The Department of the Prosecuting Attorney of the City and County of Honolulu oppose the measure.
“The department notes that the mandatory retirement of judges and justices who reach the age of 70 provides opportunity for judicial nominees who have a fresh approach in analyzing the laws and a strong commitment to treating all participants in the court in a professional manner,” the prosecuting attorney said in testimony. “Moreover, the mandatory retirement of age 70 for justices and judges is sometimes our only opportunity for change.”
The other amendment requires public disclosure of the finalists for judgeships.
“Shall the judicial selection commission, when presenting a list of nominees to the governor or the chief justice to fill a vacancy in the office of the chief justice, supreme court, intermediate appellate court, circuit courts or district courts, be required, at the same time, to disclose that list to the public?” reads the ballot language.
The Judicial Selection Commission in 2011 amended its rules to disclose the list of judicial nominees to the public at the same time the names are transmitted to the governor or chief justice, as applicable, to appoint a justice or judge to fill a vacancy on the state bench. Supporters say putting the requirement in the constitution increases transparency and makes the practice more permanent.
The League of Women Voters of Hawaii is the chief proponent of the measure. That group also advocated the 2011 rule change.
“The public had really no or little input in the selection of our judges and justices in contrast to states where the judges and justices are elected,” said league Vice President Jean Aoki in testimony. “While we would oppose any attempts to select the members of our courts by election, we did believe and took the position that the names of the nominees for seats on the courts should be released by the Judicial Selection Commission. This would allow input by members of the public who knew one or more of the nominees to comment as to their qualifications.”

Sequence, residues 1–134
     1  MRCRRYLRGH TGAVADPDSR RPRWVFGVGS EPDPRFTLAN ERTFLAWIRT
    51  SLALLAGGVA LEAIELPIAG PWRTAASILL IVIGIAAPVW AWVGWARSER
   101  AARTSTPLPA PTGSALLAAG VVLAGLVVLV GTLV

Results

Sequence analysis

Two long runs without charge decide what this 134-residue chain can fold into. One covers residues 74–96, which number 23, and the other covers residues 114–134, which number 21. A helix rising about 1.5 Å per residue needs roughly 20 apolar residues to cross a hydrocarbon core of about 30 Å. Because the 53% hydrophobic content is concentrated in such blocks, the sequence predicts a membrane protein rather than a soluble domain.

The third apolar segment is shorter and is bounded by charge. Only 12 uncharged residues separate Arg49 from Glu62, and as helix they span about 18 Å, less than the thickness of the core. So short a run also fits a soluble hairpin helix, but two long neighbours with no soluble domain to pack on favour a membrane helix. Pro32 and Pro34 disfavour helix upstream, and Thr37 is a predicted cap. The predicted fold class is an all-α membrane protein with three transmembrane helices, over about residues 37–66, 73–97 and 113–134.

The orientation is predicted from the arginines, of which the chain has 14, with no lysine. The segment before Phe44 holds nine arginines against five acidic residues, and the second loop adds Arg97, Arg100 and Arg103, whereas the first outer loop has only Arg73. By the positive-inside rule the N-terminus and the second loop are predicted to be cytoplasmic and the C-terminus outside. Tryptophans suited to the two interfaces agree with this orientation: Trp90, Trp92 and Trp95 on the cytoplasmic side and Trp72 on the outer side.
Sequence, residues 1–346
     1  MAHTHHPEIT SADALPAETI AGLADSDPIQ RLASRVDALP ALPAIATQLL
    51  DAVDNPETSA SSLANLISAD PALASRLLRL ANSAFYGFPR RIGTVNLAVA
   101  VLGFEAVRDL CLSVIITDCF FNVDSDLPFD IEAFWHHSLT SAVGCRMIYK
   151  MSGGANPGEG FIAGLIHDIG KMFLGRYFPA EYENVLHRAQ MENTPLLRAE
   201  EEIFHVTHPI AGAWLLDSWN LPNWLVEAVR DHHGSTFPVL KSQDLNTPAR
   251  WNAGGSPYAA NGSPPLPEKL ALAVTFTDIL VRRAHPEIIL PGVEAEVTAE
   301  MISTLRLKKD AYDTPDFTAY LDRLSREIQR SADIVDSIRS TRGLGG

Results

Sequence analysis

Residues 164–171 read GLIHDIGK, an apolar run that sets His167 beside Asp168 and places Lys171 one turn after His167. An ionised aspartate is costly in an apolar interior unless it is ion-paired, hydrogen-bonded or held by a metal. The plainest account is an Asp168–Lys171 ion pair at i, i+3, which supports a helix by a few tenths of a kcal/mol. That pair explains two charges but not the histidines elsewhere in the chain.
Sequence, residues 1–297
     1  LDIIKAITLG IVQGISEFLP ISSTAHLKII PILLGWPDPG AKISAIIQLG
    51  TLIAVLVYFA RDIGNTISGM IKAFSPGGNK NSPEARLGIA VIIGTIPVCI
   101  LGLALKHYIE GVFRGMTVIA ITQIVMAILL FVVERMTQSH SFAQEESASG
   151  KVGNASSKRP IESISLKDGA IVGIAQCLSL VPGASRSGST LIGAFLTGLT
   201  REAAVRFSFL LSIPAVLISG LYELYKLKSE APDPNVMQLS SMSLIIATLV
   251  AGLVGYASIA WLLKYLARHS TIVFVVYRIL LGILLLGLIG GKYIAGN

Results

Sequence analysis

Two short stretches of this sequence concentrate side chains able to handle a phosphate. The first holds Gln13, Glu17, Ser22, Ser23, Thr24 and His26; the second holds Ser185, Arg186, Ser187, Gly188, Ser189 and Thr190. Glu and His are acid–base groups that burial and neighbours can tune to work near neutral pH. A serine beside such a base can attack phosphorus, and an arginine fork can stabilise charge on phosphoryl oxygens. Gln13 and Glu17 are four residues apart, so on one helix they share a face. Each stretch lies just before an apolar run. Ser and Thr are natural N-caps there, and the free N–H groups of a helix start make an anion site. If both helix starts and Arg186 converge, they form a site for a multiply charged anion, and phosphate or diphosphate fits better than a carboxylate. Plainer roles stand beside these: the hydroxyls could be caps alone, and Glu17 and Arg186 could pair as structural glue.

The Department of the Attorney General opposes the measure.
“The attorney general believes that confidentiality is critical to getting attorneys who would make good judges to apply to fill judicial vacancies, and believes that passage of this bill could undermine the quality of our Judiciary,” the attorney general said in testimony.
Two other amendments deal with special purpose revenue bonds, which are financial instruments that allow private-sector enterprises approved by the Legislature to borrow money under better interest rates and terms than they otherwise would be able to.
One deals specifically with agriculture: “Shall the State be authorized to issue special purpose revenue bonds and use the proceeds from the bonds to assist agricultural enterprises on any type of land, rather than only important agricultural lands?”